Do your neighbourhood cats think your outdoor furniture makes the perfect toilet?
It can be very frustrating sitting down on your patio with a nice cup of coffee but all you can smell is cat urine. Fortunately, there are ways to stop cats from spraying on garden furniture. Here is what you need to know…
How to stop cats spraying on furniture
There are lots of ways to stop cats from spraying on your furniture. The most simple method is to get your male cat neutered. Spraying is a behaviour that marks the territory of the male cat to keep other males away. Once your cat is fixed, you should see a change in behaviour as the cat no longer sees the need to mark everything.
If it’s not your cat or if sterilisation isn’t an option, There are a few other things you can try to repel cats. Let’s take a look.
How to repel cats
Cats have an excellent sense of smell so you can make use of this to repel unwanted cats. There are quite a few scents out there that cats despise. Here are a few options:
Cats absolutely hate the smell of vinegar which makes it an excellent natural cat repellent. Simply mix one part white vinegar with one part water to make your own cat repellent at home. It is safe to spray this solution on your furniture as well as cushions as long as you don’t make everything constantly wet.
Constant wetness creates the perfect environment for mould to grow, especially inside your cushions, nobody wants that. If you don’t like the smell of vinegar either, try one of our other homemade cat repellent options.
Vinegar has another benefit. It can remove the smell of cat urine completely since it breaks down ammonia. This way you can prevent a cat from coming back to mark again due to being attracted by the smell of feline urine.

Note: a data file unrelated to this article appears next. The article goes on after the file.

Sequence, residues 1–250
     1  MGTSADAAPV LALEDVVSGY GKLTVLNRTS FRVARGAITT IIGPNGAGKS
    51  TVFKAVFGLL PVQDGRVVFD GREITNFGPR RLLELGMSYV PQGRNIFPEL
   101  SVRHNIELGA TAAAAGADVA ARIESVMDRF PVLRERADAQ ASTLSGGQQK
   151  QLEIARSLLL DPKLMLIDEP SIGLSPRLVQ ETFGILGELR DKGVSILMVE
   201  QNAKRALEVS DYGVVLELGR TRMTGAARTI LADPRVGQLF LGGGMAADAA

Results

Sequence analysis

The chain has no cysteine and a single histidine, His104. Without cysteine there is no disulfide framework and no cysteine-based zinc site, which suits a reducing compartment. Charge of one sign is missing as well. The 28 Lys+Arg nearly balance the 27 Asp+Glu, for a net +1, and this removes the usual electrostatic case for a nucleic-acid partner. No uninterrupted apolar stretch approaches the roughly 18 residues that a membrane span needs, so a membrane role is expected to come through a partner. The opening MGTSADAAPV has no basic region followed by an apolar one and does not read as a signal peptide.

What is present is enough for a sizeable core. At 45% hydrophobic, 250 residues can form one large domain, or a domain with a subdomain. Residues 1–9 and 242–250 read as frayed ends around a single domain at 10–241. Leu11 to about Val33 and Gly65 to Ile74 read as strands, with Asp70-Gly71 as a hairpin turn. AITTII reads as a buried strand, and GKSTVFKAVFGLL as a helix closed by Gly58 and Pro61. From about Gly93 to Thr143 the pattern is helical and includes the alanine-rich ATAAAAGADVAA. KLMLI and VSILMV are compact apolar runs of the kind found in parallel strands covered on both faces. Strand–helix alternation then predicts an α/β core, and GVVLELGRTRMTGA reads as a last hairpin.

Due to cats being so sensitive to smells, there are quite a few essential oils that are just too much for a cat to handle. Some of these oils include peppermint, anything citrus, eucalyptus, citronella, lavender, lemongrass and tea tree oil. Fortunately, all of these smell great to us.
You will need to mix around 6 to 8 drops of oil for every cup of water. Make sure you shake the solution well and then spray it on and around your furniture. You will need to do this at least once a week but daily has the best results.
It is best to combine the use of essential oils with vinegar. Wash all marked areas with vinegar, soap and water solution to remove any urine smells. After the area dried, spray your essential oil cat repellent all around and on your furniture to keep the cat from coming back.
This might sound like a very strange solution, but there are some plant and fruit scents that cats just can’t stand. As an example, the dried peels of citrus fruits are an excellent choice for a cat repellent potpourri. You can use a combination of lemon, orange, tangerine and lime peels to create a great smelling potpourri with some lemongrass mixed in if you please.
Simply leave your citrus potpourri out near your outdoor furniture and watch the cats go out of their way to avoid the area. This also works if you want to keep them off your furniture as well. Just keep in mind that wind, rain and the size of the area will play a role in how effective your potpourri is.